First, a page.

Monday, August 6, 2018


Over the years I have contemplated disabling the comments on my blog because of spam comments, vile content and vulgar language. Name calling is particularly juvenile and one would hope that Catholics here would not follow the ways of the world in this regard as modeled by the current president, but would follow Jesus' teachings.

I do moderate comments but in a rush I sometimes make poor judgement calls on posting or I quickly scan and post things that a more thorough reading would not be posted.

Please follow my guidelines about appropriate content for comments and comment on what is said and avoid inflammatory rhetoric about the person writing the comment. If your comment is not posted or deleted it has to do with accusations towards others or name calling or outright inappropriate content.


Julian Barkin said...

Yeah father in particular Fr Kavanaugh gets slandered and calumniated on here. Gotta admit I don’t share his liberal views, but I find it unfair, particularly from Radicals on here, that insult him. Might want to make it more rigorous against comments specifically mentioning him, who is still an Alter Christus. Thanks.

Anonymous said...

Thank you. The name calling, ad hominem and repetitive insults seen here often make substantive discussions impossible.

DJR said...

Father, you have allowed your blog to be dominated by one person, who posts long screeds of sometimes irrelevant material containing many non sequiturs and who accuses people he disagrees with of being "satanic," et cetera, ad nauseam.

This has been the case for several years and has caused the discussion here to descend to the level of grade schoolers. Perhaps you might want to consider blocking some of the comments.

Gene said...

Kavanaugh loves being a pariah...he sets himself up for it. Besides, a little ad hominem makes things fun.

ByzRC said...

Father - While I appreciate the necessary action you are taking; at the same time, DJR's point also has merit.

Anonymous said...

"Wastin' away again here in Pariah-ville….
Lookin for my lost green maniple..."

TJM said...

DJR - bingo!

John Nolan said...

'Argumentum ad hominem' as defined by John Locke is 'to press a man with the Consequences of his own Principles and Concessions'. For example, if I take someone to task for making statements which contradict each other, I am employing an 'ad hominem' argument - it applies to the individual in question and does not argue a general principle. (Acknowledgements to Fr John Hunwicke who pointed this out some time ago).

It does not mean making a personal attack on an individual. Those who use it in this way demonstrate the truth of the adage which paraphrases Alexander Pope, viz. 'a little Latin is a dangerous thing'. It makes the speaker seem erudite whereas in actuality he is anything but.

When, however, someone posts as 'Anonymous' (usually for the purpose of trolling), then he sets himself up to be insulted, since an insult must needs be addressed to an individual or a defined group.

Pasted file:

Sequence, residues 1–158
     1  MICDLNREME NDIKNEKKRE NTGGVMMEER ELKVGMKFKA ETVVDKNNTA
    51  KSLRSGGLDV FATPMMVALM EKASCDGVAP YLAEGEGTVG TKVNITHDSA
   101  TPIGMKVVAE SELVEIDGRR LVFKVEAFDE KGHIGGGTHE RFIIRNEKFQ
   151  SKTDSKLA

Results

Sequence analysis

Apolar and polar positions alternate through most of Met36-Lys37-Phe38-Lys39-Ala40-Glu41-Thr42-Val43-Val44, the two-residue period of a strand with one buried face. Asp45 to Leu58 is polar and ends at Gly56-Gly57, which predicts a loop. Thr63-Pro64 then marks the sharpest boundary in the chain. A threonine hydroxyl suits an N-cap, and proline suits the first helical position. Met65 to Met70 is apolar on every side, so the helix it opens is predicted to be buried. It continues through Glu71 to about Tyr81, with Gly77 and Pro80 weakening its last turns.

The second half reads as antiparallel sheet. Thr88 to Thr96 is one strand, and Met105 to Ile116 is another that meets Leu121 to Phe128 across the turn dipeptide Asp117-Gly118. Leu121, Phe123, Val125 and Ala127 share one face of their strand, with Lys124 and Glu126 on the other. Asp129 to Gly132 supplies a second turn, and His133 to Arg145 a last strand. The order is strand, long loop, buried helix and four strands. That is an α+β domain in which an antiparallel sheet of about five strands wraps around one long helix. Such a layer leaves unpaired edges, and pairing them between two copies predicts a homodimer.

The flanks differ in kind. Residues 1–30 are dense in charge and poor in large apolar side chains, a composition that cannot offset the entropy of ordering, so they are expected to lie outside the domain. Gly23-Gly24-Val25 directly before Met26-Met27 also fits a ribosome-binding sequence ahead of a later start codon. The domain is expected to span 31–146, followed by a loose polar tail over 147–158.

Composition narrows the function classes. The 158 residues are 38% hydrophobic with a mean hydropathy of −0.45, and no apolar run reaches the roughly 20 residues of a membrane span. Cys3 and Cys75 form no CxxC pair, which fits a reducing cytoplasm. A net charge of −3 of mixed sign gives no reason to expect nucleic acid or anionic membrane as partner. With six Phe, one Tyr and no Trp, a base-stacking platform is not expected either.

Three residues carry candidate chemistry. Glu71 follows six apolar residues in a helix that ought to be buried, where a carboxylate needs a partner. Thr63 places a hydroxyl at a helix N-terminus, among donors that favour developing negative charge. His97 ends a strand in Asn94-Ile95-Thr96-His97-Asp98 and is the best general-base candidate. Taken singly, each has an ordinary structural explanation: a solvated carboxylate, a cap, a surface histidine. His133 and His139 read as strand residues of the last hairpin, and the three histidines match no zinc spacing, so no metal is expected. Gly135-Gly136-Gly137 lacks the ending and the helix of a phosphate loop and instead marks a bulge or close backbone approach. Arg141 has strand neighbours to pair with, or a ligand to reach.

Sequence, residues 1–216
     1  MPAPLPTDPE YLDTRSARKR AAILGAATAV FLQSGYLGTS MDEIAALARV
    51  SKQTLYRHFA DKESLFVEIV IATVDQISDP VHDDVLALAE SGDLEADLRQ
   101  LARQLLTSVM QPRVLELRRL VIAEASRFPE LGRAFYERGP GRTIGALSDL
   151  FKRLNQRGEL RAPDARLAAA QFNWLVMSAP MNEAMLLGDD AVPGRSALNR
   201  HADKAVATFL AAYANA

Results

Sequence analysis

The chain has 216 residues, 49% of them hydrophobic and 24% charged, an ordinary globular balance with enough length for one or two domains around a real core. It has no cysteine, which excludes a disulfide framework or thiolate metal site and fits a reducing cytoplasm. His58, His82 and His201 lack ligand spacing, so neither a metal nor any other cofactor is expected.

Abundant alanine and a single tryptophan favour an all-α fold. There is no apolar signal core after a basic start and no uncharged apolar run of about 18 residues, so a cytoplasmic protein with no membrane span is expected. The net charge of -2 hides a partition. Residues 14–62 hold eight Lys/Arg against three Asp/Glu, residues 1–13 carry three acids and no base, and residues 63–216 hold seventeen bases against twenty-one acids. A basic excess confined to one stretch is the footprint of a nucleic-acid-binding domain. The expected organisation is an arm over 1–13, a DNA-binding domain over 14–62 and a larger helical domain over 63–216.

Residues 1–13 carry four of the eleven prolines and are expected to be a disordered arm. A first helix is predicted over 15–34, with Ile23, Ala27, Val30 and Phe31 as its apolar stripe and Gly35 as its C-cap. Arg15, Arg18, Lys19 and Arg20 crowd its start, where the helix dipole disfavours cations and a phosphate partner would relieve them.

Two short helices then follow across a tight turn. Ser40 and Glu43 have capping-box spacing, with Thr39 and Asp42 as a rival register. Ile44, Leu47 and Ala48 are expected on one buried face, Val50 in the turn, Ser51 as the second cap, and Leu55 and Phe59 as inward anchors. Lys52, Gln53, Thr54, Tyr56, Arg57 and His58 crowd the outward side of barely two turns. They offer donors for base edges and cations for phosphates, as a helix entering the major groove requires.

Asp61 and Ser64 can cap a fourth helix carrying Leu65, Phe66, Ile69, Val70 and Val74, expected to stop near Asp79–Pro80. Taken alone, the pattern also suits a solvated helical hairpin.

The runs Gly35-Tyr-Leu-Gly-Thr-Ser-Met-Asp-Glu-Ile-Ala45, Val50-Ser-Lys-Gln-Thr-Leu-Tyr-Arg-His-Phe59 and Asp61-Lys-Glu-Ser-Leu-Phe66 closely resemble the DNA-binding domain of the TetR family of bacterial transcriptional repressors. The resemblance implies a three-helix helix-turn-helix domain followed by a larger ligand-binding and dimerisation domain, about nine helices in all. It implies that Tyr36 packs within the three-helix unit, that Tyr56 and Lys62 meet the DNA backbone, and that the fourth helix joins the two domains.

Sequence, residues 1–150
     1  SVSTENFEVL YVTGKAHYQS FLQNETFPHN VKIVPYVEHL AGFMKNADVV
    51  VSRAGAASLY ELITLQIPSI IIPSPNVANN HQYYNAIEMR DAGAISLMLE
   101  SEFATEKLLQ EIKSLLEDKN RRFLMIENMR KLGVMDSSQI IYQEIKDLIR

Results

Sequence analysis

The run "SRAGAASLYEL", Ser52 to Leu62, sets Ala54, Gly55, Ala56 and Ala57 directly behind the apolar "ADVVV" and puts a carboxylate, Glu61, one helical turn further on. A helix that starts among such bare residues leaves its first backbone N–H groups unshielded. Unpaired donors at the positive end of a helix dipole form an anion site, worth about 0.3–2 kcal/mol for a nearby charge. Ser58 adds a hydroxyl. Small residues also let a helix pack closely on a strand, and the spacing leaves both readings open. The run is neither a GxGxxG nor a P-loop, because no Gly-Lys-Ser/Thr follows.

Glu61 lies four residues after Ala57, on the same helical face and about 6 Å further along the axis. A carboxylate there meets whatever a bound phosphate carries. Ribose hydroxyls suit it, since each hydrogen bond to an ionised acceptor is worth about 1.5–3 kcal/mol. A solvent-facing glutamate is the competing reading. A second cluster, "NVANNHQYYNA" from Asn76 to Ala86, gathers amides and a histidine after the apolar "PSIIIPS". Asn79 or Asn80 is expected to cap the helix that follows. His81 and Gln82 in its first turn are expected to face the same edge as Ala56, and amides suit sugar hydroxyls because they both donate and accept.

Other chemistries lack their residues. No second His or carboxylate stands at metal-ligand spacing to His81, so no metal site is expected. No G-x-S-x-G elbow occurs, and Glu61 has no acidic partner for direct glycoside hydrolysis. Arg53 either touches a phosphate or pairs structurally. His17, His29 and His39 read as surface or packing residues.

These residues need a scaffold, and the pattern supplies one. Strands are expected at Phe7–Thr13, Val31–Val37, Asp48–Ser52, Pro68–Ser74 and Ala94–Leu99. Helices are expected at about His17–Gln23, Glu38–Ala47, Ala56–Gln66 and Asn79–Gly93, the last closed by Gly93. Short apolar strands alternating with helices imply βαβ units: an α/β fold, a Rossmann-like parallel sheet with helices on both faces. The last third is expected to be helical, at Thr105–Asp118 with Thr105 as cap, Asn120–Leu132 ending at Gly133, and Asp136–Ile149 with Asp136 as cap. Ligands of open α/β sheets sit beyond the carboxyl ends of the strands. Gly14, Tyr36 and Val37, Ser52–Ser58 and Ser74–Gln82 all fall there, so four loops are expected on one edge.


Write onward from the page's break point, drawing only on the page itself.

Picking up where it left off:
TJM said...

Anonymous, when you find your lost green maniple you might also recover your Catholic Faith

Anonymous said...

Bee here:

Fr. McD, I hope you won't disable the comments. I get so much out of many of the comments made here, and would miss not seeing them. Sometimes it's the various points of view that help me to learn more about the issues actually facing the Church.

I understand why and agree you should use your editorial privilege to delete comments you think are inappropriate.

But thanks for this blog and the things you post.

God bless.

Anonymous said...

Inasmuch as maniples have nothing to do with faith, I suspect you are mistaken.

Yes, ad hominem arguments are personal attacks, John Locke notwithstanding. "Ad hominem (Latin for "to the man" or "to the person"), short for argumentum ad hominem, is a fallacious argumentative strategy whereby genuine discussion of the topic at hand is avoided by instead attacking the character, motive, or other attribute of the person making the argument,..."

TJM said...

Kavanaugh, I guess to the faithless the maniple means nothing:

Prayer said when the maniple is put on: "Merear, Domine, portare manipulum fletus et doloris; ut cum exsultatione recipiam mercedem laboris" (May I deserve, O Lord, to bear the maniple of weeping and sorrow in order that I may joyfully reap the reward of my labors).

John Nolan said...


The usage of 'argumentum ad hominem' which you quote would appear to date only from the end of the 20th century; Chambers (1964) gives only the classic definition: 'an appeal to the known prepossessions or previous admissions of an opponent'.

Since 'argumentum' in Latin means 'argument, proof, appeal, evidence' but not 'attack', I suspect that the comparatively recent definition you quote is based on ignorance.

So by all means stick to your definition, and I shall stick to the correct one.

Anonymous said...

No, the more recent definition is not based on ignorance.

Words and phrases have meanings that change over time. Your preference for the 15th or 17th or 19th century meaning/definition does not make it the best or the only or the acceptable definition.

Stick with what you want, but "Tis fartuous to bethink yond thy definitions art at each moment the most wondrous!" -Shakespeare